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    Thanks, oftheheard1, pretty good advice. My Sambunim tells us that we should teach the most using ourselves as an example, considering we are young (I'm 22 years old and the other instructor is 18) and have recent and direct experience with training and self development, and we do follow that wisdom. Perhaps I do not emphasize enough that what I do is possible for them as well if only they give their all, I should probably start giving them some more motivation on that part.
     
  7. oftheherd1

    oftheherd1 Senior Master

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    I would also be quick to acknowledge and compliment their victories, even small ones. Also, make sure they know that for most, the progress will be slow, but steady. That, even if they don't see it all the time. I noticed back in TKD how I would notice I seemed to be in a rut; not getting any better. I would question why I was continuing. But I kept going and one day I would suddenly realize that I had progressed. I didn't notice it as I went, and couldn't look back and tell myself that at such and such a time, that's when I got better. It was just that I would suddenly realize I wasn't in that rut any more, and was much better than I had been.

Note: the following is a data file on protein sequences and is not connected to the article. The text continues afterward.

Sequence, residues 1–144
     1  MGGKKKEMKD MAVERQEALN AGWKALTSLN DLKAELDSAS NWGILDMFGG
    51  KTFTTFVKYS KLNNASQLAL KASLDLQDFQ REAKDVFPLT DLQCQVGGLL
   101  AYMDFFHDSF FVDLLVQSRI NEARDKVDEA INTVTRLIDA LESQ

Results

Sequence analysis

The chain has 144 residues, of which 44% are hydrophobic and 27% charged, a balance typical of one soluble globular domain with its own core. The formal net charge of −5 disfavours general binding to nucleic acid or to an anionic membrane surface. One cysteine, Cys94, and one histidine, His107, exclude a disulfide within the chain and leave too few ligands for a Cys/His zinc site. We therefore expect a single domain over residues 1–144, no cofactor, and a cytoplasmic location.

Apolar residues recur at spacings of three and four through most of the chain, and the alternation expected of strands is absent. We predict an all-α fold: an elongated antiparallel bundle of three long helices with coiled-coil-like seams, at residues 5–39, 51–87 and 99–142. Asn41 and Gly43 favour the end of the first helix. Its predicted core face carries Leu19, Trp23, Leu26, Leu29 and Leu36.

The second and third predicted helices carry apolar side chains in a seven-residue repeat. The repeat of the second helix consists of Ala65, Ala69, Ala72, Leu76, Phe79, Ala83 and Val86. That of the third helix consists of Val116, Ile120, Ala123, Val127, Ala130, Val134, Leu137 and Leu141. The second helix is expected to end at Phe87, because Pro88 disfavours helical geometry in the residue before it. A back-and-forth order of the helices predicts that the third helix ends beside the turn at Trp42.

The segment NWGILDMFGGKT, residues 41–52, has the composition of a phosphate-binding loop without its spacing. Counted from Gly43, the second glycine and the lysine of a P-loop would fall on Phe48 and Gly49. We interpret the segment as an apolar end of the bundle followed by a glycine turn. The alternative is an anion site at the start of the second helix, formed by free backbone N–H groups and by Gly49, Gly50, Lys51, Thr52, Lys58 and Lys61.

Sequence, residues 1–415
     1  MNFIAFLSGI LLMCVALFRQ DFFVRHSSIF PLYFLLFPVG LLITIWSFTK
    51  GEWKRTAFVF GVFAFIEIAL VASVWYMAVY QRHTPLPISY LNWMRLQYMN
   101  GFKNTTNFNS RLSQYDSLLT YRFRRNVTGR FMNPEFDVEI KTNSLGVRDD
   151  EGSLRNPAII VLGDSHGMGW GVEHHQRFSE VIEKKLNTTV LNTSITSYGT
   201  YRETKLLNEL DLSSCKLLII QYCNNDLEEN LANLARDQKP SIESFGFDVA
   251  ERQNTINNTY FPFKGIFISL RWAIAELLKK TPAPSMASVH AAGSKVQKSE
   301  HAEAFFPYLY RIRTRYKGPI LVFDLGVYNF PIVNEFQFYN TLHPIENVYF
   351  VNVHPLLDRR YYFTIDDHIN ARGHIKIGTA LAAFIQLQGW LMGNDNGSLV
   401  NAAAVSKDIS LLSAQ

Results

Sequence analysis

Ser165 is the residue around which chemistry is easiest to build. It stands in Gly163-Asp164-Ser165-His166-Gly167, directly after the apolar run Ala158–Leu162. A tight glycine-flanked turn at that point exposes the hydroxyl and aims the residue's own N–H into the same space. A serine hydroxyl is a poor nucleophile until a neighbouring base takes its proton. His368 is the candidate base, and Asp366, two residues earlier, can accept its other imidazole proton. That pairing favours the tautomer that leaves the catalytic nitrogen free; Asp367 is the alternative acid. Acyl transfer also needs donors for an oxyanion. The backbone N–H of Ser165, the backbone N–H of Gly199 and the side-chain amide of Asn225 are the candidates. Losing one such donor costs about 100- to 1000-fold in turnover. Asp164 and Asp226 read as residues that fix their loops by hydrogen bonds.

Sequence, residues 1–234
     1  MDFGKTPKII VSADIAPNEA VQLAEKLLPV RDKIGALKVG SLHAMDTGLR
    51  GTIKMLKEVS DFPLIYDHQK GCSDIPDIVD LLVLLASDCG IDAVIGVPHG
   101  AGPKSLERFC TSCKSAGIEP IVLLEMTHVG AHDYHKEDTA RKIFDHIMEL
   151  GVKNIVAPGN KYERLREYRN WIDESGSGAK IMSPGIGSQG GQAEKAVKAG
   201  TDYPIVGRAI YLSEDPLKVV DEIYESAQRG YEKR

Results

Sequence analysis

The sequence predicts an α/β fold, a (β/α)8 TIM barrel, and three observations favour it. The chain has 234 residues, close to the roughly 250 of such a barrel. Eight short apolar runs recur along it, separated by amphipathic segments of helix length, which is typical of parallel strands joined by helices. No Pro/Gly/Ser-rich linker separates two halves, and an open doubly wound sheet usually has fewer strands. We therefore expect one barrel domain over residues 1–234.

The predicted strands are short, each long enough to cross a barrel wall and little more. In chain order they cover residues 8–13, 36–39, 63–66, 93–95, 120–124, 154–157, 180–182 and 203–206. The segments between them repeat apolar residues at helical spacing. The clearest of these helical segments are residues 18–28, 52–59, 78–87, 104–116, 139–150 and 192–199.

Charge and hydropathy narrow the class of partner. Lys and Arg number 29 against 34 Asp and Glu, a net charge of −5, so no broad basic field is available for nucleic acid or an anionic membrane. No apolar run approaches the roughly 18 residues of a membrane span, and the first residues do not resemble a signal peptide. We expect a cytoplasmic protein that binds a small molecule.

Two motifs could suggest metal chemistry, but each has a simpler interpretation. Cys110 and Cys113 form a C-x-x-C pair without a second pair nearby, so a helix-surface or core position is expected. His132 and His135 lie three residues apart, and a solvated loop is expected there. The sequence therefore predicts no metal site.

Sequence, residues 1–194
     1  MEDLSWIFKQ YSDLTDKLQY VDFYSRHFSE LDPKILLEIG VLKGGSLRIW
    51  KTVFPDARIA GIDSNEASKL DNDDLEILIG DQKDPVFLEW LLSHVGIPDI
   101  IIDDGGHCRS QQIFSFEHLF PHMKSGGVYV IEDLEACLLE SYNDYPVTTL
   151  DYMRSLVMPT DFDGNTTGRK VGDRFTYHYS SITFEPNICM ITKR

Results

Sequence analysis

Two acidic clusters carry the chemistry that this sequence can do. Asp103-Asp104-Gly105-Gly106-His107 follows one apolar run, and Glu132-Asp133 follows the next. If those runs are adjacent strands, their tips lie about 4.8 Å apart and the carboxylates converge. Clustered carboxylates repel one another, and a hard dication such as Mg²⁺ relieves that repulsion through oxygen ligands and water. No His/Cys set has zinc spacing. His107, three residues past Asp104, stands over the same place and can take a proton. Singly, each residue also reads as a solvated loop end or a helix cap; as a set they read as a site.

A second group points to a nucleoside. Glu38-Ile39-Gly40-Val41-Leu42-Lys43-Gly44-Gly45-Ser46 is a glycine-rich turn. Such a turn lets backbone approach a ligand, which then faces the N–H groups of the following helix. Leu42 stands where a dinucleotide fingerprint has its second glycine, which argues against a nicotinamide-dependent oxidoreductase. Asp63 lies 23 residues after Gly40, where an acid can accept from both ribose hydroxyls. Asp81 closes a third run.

I don't know if that happens to everybody, but it used to happen to me, and others I have talked to said it was so for them too. Since I realized that, I have always tried to let other students know that so the don't become too discouraged. That may help with some of your students as well.
     
  8. ATC

    ATC Senior Master

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    A few question I have for you.

    1. The students that you and the other instructor are responsible for, do they all compete?
    2. Do they like competing
    3. Do you have a competition team or do you let anyone that wants to compete

    Once I know the answers to those questions I can then give my 2 cents.
     
  9. Tenchi

    Tenchi Yellow Belt

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    To answer your questions, ATC, the students there are not of high ranking. As such, I cannot consider them, at least to the majority, to be competitors. However, it is a path that we nurture and push them to at least try it. Not a single one of them has shown desire not to compete. But some tend to get very nervous about it, even though they do want to do it. To what extent do they wish to do it? I do not not, but the motivation I seek is for training and self development in a daily basis and not just thinking about competition. Competing should be secondary with no further stress, at least if they already give their all. I just came back from training, some of them were "burning" a lot more than the other day, even with some pressure, they didn't quit, and that made me proud. However, not everyone is at that point, even though they show some desire to improve, they show it alongside fear of failure. But no one there is showing reserve regarding competition. And we do make sure they are the first ones to want to go (except in the case of that girl I mentioned, we had to push it at first due to lack of confidence... she was burning today :) ).
     
  10. Dirty Dog

    Dirty Dog MT Senior Moderator Staff Member